In her stories I'm always younger.
Which is nice, but why always the same story.
Every mirror holds different news for me.

She gets angry when I shrug my shoulders.
And takes revenge by hauling out old errors,
weighty, but easily forgotten.
Looks into my eyes, checks my reaction.
Then comforts me, it could be worse.

She wants me to live only for her and with her.
Ideally in a dark, locked room,
but my plans still feature today's sun,
clouds in progress, ongoing roads.

At times I get fed up with her.
I suggest a separation. From now to eternity.
Then she smiles at me with pity,
since she knows it would be the end of me too.

Saturday, October 16, 2010

Autumn, in the Air

“A sky as pure as water bathed the stars and brought them out.”
 ~ Antoine de Saint-Exupery

A little confession: I am obsessed with the sky. This is nothing new; thirty years ago, when I was thinking about moving to my then-dodgy neighborhood, I turned a corner, looked up and saw this. I was sold.

No matter how many times I see it, the way the sky opens up above New York City thrills me. I can't stop taking pictures of it. It elevates even the roughest architecture to something approaching elegance. Look at this jumbled scene — a squat commercial building and part of the Queensboro Bridge are in the foreground, with two of Manhattan's less distinguished towers beyond. Somehow, the sky pulls it together the way some people can pull an outfit together with the perfect accessory.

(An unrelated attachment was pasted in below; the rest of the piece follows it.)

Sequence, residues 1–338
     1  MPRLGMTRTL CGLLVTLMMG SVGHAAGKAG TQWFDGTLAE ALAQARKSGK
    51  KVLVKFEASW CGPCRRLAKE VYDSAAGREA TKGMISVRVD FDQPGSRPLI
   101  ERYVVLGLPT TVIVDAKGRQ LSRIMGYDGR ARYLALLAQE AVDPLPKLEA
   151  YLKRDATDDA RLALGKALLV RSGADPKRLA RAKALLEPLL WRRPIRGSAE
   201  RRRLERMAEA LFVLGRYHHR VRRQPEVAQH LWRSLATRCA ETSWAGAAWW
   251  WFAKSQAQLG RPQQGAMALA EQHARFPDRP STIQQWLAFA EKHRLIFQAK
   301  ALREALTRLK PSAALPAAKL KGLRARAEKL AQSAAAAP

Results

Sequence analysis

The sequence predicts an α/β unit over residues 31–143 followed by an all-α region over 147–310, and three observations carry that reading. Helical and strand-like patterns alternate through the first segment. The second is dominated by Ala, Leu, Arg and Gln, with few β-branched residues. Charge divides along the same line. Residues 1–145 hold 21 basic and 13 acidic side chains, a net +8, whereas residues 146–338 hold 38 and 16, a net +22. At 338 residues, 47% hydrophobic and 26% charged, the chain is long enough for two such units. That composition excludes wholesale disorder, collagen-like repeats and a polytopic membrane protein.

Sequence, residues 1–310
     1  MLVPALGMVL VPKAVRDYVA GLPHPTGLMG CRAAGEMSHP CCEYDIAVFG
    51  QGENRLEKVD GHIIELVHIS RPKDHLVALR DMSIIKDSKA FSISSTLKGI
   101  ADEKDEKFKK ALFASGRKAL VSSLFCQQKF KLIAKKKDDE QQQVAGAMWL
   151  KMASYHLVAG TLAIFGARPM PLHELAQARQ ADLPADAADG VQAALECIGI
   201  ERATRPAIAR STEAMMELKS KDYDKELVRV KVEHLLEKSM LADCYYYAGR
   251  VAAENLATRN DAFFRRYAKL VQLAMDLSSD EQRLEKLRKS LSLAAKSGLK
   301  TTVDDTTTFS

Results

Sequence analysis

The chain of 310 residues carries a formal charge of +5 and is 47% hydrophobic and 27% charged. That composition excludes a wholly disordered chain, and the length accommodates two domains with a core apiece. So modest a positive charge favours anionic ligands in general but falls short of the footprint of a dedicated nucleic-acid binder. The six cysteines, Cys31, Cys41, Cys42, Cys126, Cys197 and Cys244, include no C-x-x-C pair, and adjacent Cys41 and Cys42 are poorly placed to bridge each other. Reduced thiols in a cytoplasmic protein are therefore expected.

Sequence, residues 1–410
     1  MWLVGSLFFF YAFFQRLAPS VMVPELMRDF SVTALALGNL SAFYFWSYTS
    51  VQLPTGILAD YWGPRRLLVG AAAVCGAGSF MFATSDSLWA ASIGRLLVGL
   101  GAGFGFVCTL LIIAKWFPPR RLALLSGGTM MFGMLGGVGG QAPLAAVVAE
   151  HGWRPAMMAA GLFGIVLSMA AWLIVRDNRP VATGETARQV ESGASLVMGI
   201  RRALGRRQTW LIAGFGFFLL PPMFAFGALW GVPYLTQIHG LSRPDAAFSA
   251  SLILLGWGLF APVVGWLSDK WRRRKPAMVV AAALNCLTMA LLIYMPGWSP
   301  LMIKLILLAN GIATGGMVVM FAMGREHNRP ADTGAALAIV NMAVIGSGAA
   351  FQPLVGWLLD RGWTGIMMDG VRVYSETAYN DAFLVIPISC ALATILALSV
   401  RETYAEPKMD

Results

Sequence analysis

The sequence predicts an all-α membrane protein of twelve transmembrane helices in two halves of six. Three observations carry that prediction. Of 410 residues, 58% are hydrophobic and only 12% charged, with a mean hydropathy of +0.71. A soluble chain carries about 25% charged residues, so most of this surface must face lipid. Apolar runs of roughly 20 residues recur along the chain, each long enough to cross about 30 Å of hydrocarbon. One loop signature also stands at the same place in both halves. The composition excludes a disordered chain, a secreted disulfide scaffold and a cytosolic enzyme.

Below are some photos I took today — the sky as seen from the walkway of the Pulaski Bridge, which connects Queens to Brooklyn.

This is the view to the south, toward Brooklyn. The huge sky helps me remember that out there beyond the far side of Brooklyn is the continental United States.

The wind was making it hard for me to hold my camera still. You can almost feel it when you look at the clouds' sharply defined strata.

The Empire State Building dominates the view to the west, where the clouds were gray and heavy today.